Tox Talks: Lithium Toxicity

Author: Kaitlin Fries, DO PGY1
Doctors Hospital
Originally Published: Modern Resident, December 2015/ January 2016

Lithium is often a first line treatment for bipolar disorder and major depressive disorder, and is commonly present on many emergency department patients’ medication lists. Studies have shown that as many as 75-90% of patients taking lithium long-term develop toxicity at some point throughout their treatment.[5] This is primarily due to the fact that lithium has a very narrow therapeutic index. In 2008, the American Association of Poison Control Centers received over 6,000 reports of potential lithium toxicities and four reported deaths.[5] While lithium toxicity is not as commonly seen as some other toxidromes in the emergency department, it is still very relevant to daily practice.

Lithium carbonate is a monovalent cation whose mechanism of action is not well understood.4 It is thought to modify intracellular second messenger systems as well as affect neurotransmitters.[2,5] Lithium is absorbed rapidly and will reach peak serum concentrations as quickly as two to four hours after ingestion.[2] It is cleared exclusively by the kidneys with a half-life around 20 hours.[2]

There are three classes of lithium toxicity: acute, acute on chronic, and chronic, all of which differ in their presentations.

  • Acute toxicity is seen in patients who are often not on long-term lithium treatment. These patients will present with gastrointestinal symptoms, typically nausea, vomiting and diarrhea.[1,3] Lithium levels will be extremely elevated, but will not correlate with the degree of their symptoms. Even without intervention, as lithium equilibrates throughout the tissues, the serum level will fall, thus only exposing the body to elevated serum levels for a short time.

  • Acute on chronic toxicity occurs in those who are on chronic lithium treatment and consume additional amounts of the drug. These individuals will also have markedly elevated lithium levels. However, since they have been on lithium long-term, less tissue reabsorption can occur, thus serum levels will remain elevated without intervention. These patients will present with varying degrees of neurological symptoms.

  • Chronic toxicity is seen in individuals on lithium therapy whose renal function decreases. These patients will present with neurologic symptoms such as a fine tremor and can progress to fasciculations, dysarthria, nystagmus, ataxia, hyperreflexia, clonus, agitation, lethargy, seizures and even coma.[1,3]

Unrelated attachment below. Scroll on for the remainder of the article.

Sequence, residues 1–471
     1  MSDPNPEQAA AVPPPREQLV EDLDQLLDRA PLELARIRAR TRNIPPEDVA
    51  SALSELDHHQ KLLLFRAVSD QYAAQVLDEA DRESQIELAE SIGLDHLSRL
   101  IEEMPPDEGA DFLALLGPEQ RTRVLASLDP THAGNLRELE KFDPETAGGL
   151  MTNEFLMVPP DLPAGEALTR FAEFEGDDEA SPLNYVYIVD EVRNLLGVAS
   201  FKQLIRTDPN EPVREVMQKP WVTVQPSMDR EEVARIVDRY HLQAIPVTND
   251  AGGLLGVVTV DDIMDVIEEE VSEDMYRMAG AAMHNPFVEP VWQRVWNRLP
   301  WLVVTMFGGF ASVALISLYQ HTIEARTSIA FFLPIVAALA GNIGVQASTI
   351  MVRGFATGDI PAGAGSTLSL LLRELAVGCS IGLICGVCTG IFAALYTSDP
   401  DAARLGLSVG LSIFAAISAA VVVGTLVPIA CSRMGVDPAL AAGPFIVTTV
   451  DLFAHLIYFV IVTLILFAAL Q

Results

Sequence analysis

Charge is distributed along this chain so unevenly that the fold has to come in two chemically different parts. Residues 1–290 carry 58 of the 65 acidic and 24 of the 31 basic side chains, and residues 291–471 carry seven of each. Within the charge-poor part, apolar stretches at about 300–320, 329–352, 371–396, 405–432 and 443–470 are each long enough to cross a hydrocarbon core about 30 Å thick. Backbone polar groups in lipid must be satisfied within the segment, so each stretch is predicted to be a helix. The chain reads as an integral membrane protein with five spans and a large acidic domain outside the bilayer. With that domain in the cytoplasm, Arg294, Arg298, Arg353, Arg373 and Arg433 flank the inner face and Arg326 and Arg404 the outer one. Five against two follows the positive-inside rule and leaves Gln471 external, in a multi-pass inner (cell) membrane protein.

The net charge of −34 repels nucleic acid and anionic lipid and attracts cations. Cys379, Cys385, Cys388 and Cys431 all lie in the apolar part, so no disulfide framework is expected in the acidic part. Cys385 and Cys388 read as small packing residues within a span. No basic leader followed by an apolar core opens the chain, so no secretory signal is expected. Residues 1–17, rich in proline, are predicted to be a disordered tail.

Studies have shown that the serum lithium level does not accurately correlate with the severity of toxicity. In 2007, Waring, et al. reviewed five years of lithium toxicities reported to the Scottish Poison Information Bureau, and concluded that regardless of the serum level, acute on chronic and chronic toxicities are the most severe due to the body’s inability to quickly redistribute the drug into the tissues.[3] In addition to a serum lithium level, diagnostic testing should include renal function tests, electrolytes, calcium and magnesium levels, complete blood count and studies looking for additional co-ingestants.

Since there is no specific antidote for lithium, management focuses on reducing the amount of time the body is exposed to toxic levels. Activated charcoal does not bind lithium and is therefore only useful if co-ingestants are suspected. Whole bowel irrigation is shown to have some efficacy if done promptly, however it is only useful if the patient ingested sustained release capsules.[1] Fluid resuscitation should be the initial main focus, to correct any underlying renal failure or dehydration while maximizing urinary excretion of the drug.[1-3] It is important to closely monitor sodium levels, as hypernatremia can lead to worsening neurologic symptoms. Diuretics are not recommended.[1] The most effective detoxification method is hemodialysis as lithium is extremely dialyzable. Guidelines of when to initiate dialysis in these patients have not been universally standardized, but dialysis is commonly initiated with lithium levels greater than 4mmol/l.[1,2] Patients with levels greater than 2.5mmol/l and renal insufficiency, severe neurologic symptoms or contraindications to aggressive fluid rehydration (heart failure) should also undergo emergent dialysis.[2] It is important to realize these patients may require multiple hemodialysis treatments as lithium can cause a rebound effect as it continues to slowly be released from the central nervous system and tissues.[1,2]


  1. Betten D. Lithium. In Toxicology Handbook. American Academy of Emergency Physicians Resident & Student Association.
  2. Haussmann R, Bauer M, Bonin S, Grof P and Lewitzka U. (2015). Treatment of lithium intoxication: Facing the need for evidence. Int J Bipolar Disord International Journal of Bipolar Disorders.
  3. Mattu A. (2011). Acute lithium toxicity is more dangerous in individuals already taking lithium than in those who are lithium naive. In Avoiding common errors in the emergency department (pp. 743-744). Philadelphia: Wolters Kluwer/Lippincott Williams & Wilkins Health.
  4. Rotella J. (2012, April 18). Acute lithium toxicity cased-based Q&A. Retrieved November 16, 2015, from
  5. Tintinalli J. (2011). Lithium. In Tintinalli’s emergency medicine: A comprehensive study guide (7th ed., pp. 1211-1213). New York: McGraw-Hill.